Distant watery asteroid offers hope for livable planets

By Casey Frye, CCNN Writer 

asteroid earth
Earth’s water may very well have come from a water-rich asteroid.

Asteroids make a big splash when they’re carrying water, and may even have been responsible for bringing the life-giving liquid to Earth when it was first forming. Now, for the first time ever, scientists from the University of Cambridge have spotted a watery asteroid over 100 light years from Earth.

Never has one been detected outside of our solar system, and it is a sign that there very well could be habitable (livable) planets out there.

“Asteroids [are] the Legos that go into planets,” says Jay Farihi, the lead author of the study. Basically, thousands of asteroids crash together to eventually create planets.

Although evidence of a water-rich asteroid has been found, it’s in a solar system with a dying star. This means the chances of habitable planets crawling with life nearby it are slim to none.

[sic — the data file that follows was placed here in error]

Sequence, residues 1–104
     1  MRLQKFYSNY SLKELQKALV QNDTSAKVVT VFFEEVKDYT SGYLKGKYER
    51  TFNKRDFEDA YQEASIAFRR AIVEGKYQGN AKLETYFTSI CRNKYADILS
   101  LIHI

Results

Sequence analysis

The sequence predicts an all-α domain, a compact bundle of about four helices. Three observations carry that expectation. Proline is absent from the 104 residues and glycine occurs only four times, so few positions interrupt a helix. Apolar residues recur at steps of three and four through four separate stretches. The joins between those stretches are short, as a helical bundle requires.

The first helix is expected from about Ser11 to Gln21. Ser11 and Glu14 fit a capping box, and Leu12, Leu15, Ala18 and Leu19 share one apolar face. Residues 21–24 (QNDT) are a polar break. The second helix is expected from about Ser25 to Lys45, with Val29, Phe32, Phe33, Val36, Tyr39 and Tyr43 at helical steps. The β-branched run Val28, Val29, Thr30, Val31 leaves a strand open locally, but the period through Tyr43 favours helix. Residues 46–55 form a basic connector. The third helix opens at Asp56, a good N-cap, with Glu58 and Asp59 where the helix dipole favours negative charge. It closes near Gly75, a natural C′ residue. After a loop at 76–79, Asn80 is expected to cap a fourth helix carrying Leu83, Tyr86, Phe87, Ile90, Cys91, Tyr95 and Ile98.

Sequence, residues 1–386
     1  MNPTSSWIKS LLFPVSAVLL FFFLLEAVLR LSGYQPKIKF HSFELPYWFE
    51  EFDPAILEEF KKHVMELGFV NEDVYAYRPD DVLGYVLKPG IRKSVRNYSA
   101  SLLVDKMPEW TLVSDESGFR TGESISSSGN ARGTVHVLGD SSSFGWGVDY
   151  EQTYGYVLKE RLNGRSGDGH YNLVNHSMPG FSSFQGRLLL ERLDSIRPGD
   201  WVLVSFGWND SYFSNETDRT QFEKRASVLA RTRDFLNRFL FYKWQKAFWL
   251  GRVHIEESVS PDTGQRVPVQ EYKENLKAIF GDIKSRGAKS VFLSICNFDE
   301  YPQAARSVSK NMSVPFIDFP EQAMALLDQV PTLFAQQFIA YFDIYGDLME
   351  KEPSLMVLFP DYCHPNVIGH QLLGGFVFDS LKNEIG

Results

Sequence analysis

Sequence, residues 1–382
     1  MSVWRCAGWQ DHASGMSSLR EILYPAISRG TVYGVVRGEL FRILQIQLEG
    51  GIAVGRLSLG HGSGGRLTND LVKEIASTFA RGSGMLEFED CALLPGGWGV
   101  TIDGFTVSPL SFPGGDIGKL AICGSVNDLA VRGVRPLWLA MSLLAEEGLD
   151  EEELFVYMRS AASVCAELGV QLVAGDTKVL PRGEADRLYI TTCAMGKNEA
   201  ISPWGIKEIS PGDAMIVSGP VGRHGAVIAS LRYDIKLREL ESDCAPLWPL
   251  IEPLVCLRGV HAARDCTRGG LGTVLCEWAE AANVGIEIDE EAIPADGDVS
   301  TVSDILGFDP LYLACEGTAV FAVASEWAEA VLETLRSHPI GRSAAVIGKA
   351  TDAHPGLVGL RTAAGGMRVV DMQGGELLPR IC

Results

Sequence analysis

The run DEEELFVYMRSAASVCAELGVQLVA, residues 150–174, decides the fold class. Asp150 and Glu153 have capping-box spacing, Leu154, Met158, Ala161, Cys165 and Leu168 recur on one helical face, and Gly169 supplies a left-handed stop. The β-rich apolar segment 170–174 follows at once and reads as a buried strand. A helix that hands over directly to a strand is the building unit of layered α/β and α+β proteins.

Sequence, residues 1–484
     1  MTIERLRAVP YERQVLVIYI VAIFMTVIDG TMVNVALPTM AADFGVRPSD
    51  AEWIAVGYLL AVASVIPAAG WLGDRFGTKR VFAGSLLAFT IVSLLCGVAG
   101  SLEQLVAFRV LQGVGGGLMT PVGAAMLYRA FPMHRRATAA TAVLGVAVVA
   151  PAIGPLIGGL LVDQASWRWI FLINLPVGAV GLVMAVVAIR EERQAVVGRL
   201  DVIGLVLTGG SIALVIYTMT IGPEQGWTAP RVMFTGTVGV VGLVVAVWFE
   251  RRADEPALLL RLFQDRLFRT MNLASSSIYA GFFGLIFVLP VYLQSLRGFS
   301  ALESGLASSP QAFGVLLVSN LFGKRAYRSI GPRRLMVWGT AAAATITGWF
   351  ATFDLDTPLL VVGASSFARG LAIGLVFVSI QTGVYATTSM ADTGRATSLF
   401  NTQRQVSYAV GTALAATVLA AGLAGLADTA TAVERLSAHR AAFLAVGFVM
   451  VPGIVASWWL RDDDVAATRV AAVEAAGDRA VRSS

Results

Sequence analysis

After all, a delicate balance of warmth is required for a planet to be in the “habitable zone” where it’s just hot enough to sustain life, but not so hot that flames and lava burn the place up.

These cold, hard facts, much like the frosty rockiness of the asteroid, don’t discourage the researchers. In fact, they’re more excited than ever. “I think it’s really awesome that we found the signs of planet pieces that can be building habitable environments for life,” says Farihi. They know the distant star is surrounded by nearby planets and asteroids, and that’s enough to present exciting possibilities! As Farihi explains, “We don’t know anything beyond that, or whether there was once life or once habitable planets, but we do know it had all of the ingredients.”

Image of Earth courtesy of Nikolang on Wikimedia.